Getting Started with Custom Ribbon Tabs
In the following video, you can see how to view the code for a custom Ribbon tab, and make a minor change. The written instructions are on my Contextures website, where you can also download the sample file: Excel Ribbon – Getting Started.
Create Your Own Custom Ribbon Tab
In the next video, you’ll see how to start from scratch – add a custom tab, create the code, and modify it. Then, make a slight change to the macros in Excel, and the Ribbon buttons will run your macros. The written instructions are on my Contextures website, where you can also download the sample file: Excel Ribbon – Add a Custom Tab.
When you create a pivot table, it is based on a pivot cache, with all of the records from the source data table. You can’t see the pivot cache, but with some programming, you can get information about the cache.
In the pivot table shown above, you can see the total quantities for all the records in the source data. To see how many records are in that source data, you can create a User Defined Function.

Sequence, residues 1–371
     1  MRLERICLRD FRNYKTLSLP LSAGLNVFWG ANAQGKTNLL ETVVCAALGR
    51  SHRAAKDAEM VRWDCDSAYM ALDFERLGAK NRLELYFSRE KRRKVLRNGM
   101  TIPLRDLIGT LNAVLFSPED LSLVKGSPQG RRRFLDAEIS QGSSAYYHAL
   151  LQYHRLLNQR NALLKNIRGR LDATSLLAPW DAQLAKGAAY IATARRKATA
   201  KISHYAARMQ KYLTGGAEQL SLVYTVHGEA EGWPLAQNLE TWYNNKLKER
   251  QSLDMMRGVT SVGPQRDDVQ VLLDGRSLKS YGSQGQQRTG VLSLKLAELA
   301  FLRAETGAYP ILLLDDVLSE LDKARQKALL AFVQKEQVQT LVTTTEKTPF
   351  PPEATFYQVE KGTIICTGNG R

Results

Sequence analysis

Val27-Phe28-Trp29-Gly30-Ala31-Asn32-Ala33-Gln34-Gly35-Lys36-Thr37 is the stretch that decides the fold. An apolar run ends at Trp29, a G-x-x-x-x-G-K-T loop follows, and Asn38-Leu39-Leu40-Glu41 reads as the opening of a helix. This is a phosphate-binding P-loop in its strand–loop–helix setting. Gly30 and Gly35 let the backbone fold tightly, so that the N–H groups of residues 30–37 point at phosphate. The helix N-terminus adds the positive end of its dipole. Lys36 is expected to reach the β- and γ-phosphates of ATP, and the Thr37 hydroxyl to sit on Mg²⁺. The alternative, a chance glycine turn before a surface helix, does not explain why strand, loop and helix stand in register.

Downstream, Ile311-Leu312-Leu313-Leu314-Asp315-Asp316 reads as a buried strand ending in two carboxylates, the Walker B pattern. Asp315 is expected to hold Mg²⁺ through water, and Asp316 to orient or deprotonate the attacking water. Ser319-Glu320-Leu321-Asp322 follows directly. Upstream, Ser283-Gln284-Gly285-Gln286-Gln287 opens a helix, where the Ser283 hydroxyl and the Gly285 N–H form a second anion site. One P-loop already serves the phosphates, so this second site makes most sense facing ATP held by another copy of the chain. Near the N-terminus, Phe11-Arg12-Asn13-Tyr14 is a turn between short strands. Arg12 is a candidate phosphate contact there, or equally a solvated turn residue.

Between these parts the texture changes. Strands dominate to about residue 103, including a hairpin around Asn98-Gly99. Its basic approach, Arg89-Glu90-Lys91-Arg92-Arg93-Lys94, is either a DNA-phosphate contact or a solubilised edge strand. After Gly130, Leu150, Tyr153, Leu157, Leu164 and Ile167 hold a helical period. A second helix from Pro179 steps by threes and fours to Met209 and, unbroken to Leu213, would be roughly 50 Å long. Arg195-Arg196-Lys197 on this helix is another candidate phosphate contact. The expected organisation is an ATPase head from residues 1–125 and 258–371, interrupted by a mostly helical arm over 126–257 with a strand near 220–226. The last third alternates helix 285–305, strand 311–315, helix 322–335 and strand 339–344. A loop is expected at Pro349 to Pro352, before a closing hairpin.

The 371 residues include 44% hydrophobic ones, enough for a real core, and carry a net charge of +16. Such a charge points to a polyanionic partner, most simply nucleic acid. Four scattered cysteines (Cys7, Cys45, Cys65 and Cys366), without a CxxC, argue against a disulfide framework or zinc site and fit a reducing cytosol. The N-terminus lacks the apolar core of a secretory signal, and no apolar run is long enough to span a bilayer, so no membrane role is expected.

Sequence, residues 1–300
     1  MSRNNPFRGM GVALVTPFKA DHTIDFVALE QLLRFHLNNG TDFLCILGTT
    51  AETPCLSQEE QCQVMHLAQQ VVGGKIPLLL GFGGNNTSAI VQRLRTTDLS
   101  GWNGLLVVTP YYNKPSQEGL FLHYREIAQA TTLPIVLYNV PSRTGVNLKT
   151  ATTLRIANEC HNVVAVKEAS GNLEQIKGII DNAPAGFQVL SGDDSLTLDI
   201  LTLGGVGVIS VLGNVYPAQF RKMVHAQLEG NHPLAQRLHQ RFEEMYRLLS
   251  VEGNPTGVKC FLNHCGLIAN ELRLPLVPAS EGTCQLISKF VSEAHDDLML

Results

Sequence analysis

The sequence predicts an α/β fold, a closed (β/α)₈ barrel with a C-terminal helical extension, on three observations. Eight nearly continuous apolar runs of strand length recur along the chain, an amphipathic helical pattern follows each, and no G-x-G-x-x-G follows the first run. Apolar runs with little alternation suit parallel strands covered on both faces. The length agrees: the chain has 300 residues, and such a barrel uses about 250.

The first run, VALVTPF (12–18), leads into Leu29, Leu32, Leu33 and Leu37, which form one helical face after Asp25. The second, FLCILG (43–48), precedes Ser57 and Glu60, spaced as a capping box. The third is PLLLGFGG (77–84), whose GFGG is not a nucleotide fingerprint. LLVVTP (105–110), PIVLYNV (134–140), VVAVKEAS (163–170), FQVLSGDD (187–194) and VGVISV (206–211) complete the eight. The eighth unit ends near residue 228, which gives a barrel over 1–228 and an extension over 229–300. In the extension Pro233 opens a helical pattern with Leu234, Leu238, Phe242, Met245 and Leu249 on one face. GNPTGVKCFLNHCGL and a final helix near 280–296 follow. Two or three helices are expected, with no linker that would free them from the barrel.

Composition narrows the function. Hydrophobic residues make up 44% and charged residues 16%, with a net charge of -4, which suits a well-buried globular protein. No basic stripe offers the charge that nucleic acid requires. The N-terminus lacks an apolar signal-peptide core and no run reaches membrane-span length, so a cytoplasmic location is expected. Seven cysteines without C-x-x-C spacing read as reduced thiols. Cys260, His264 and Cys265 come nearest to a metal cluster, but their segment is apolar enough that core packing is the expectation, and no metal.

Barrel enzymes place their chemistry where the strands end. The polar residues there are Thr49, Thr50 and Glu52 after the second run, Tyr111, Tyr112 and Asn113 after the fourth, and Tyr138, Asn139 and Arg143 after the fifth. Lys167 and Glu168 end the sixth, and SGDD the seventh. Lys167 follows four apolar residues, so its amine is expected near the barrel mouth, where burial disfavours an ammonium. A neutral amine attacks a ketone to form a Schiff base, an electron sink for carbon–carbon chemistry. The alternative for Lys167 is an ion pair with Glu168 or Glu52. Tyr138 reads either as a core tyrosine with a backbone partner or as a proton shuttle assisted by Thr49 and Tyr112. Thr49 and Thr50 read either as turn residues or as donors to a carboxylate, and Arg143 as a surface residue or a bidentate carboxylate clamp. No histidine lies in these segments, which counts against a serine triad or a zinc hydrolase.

Function GetRecords(rngPT As Range) As Long
'pivot table tutorial by contextures.com
Dim pt As PivotTable
Set pt = rngPT.PivotTable
GetRecords = ActiveWorkbook _
This creates a function named GetRecords, and it requires a cell reference as its argument. If the referenced cell is in a pivot table, the function will show the record count for that pivot table’s pivot cache.
Note: If you save this file, make it a macro-enabled file type.
User a User Defined Function
Then, on a worksheet in that workbook, enter a formula that uses the function name, and refers to a cell in the pivot table. For example, enter the following formula in cell B1, referring to the pivot table in cell A3:
The formula result is 825, which is the number of records in the source data. You can see the last record in the screen shot below. It’s in row 826, and if you subtract 1 for the heading row, that is record number 825.